Over the years, the meal kit and meal delivery industry has had its ups and downs. When first introduced, meal kits like Blue Apron and HelloFresh seemed to be everywhere. I can remember a time where nearly every podcast I listened to had an advertisement for them. However, as time went on, the luster of these simple dinner-only meal kits faded. People wanted more than just a few dinners per week, so the industry started becoming more competitive.

Today, there are meal kits that fit nearly every consumers taste—diet meal kits, inexpensive meal kits, and even entirely pre-made meals delivered right to your door. Yet, there is still a long ways to go before meal kits are adopted by the majority of consumers as an efficient and affordable way to have mealtime.

Having reviewed nearly every single US meal kit and meal delivery service on the market, I’ve seen my fare share of companies come and go. What makes or breaks a meal kit usually comes down to adapting to what the consumer wants.

Here’s how the meal kit industry will evolve over the next year and what trends to look for in 2021…

More Personalization

A large amount of comments I receive regarding meal kits generally revolve around the fact that people want more control over what they’re ordering. For example, many meal kits these days do not allow you to have direct control over the amount of meals you can receive. You choose one of their plans and you’re stuck with that amount of meals. What if you want to eat more than just those meals? What if you’d rather have a different meat than the recipe uses?

We’re starting to see some meal kits, like Home Chef, adapt to this by giving customers the ability to customize certain aspects of their weekly box. For example, with Home Chef, you can swap meats in certain recipes and even double up on them, if you want. Then there are others, like HelloFresh, which give you the option to add on additional meals, like quick lunches.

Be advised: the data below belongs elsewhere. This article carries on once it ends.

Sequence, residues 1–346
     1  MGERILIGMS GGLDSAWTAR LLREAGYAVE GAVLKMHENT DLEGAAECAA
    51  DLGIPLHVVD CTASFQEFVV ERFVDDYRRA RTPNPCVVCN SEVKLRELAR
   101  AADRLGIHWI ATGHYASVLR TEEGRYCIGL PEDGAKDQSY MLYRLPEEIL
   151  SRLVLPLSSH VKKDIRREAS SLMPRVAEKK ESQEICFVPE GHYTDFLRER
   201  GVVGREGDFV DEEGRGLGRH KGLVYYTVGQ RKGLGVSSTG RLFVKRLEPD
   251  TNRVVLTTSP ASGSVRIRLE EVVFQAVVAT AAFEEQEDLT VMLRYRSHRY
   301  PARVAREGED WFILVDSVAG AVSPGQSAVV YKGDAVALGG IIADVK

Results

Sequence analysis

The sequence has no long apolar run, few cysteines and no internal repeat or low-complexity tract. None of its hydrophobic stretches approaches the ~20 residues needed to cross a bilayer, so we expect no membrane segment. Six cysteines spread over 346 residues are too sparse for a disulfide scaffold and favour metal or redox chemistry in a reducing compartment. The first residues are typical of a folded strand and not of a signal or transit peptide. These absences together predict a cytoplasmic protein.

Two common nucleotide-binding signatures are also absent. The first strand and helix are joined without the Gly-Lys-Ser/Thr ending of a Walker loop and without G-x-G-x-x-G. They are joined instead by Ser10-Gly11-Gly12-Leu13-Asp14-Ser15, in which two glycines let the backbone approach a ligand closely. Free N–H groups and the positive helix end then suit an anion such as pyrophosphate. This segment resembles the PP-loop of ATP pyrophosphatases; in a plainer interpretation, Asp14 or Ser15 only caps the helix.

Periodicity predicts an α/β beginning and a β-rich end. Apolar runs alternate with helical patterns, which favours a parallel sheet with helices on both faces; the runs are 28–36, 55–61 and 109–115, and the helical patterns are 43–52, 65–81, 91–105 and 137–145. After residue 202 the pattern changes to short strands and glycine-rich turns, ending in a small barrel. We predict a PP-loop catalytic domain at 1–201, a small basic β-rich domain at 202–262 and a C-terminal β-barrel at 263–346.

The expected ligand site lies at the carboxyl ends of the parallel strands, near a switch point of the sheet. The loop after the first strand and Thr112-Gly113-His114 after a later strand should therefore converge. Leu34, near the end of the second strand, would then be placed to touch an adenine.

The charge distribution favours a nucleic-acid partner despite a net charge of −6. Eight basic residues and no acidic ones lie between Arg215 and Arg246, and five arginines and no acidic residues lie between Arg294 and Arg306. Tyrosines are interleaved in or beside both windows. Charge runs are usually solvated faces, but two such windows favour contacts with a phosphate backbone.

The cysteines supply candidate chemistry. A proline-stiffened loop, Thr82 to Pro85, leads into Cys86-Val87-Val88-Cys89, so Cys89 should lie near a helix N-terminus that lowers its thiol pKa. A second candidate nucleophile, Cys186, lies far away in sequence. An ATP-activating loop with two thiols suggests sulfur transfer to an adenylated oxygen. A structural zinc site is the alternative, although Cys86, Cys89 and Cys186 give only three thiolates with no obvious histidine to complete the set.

We’re likely to see much more personalization come in to play in the next year as meal kits are able to scale their services and properly adapt to what their customers really want.

More Diet & Food-Allergy Options

Today, the word “diet” encompasses much more than just eating to lose weight. There are a variety of niche diets that have gained in popularity—vegan, keto, paleo, Whole30, and more. While some view them as fads, for others, they’re a way of life. Many meal kits and pre-made meal delivery services have begun offering plans that serve those aforementioned diets, such as Green Chef, but those are just the tip of the iceberg. Many people these days are following diets because they have to, not because they want to. Diabetes, celiac disease, crones disease, and food allergies affect a fair share of the population. These people cannot take a risk on a general meal kit plan where they could have an adverse reaction.

We’re slowly starting to see some meal kits adjust and offer meals for more niche diets and even food allergies. For example, Freshly is one of the only certified gluten-free pre-made meal delivery services currently on the market.

However, due to the scope of diets and food allergies, there are many more that need to be addressed for more customers to be able to enter the meal kit market. This is likely to become a focal point of how meal delivery services will eventually distinguish themselves among the competition.

Environmentally-Friendly Packaging

A big pain point of meal kits that’s frequently brought up is the amount of waste they create. Even if they do help you cut down on your trips to the grocery store and reduce food waste, there is a lot of packaging involved in bringing the meals to your front door. Thankfully, consumers are starting to demand to see improvements.